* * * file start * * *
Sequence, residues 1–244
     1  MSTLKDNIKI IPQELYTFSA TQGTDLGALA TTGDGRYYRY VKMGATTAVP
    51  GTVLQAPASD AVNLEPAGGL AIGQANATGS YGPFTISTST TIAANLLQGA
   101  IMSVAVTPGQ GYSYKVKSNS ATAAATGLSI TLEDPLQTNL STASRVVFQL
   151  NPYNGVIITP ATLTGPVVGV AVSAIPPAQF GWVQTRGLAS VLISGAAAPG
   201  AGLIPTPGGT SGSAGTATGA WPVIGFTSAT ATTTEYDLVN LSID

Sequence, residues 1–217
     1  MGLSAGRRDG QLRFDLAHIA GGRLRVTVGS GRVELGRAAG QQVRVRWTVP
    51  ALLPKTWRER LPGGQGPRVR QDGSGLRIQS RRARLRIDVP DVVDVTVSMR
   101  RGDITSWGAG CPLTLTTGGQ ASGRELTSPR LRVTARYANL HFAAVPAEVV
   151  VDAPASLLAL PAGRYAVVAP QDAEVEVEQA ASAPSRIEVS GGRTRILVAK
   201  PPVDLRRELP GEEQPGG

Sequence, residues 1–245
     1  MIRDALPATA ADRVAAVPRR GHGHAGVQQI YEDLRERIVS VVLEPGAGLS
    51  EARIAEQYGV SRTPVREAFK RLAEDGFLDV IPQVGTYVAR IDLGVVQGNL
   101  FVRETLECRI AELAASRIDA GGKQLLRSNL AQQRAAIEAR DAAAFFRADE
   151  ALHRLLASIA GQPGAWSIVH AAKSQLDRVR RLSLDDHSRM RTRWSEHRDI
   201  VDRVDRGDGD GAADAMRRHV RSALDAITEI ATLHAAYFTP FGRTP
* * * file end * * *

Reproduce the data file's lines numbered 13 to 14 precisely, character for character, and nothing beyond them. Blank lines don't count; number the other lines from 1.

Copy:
Sequence, residues 1–245
     1  MIRDALPATA ADRVAAVPRR GHGHAGVQQI YEDLRERIVS VVLEPGAGLS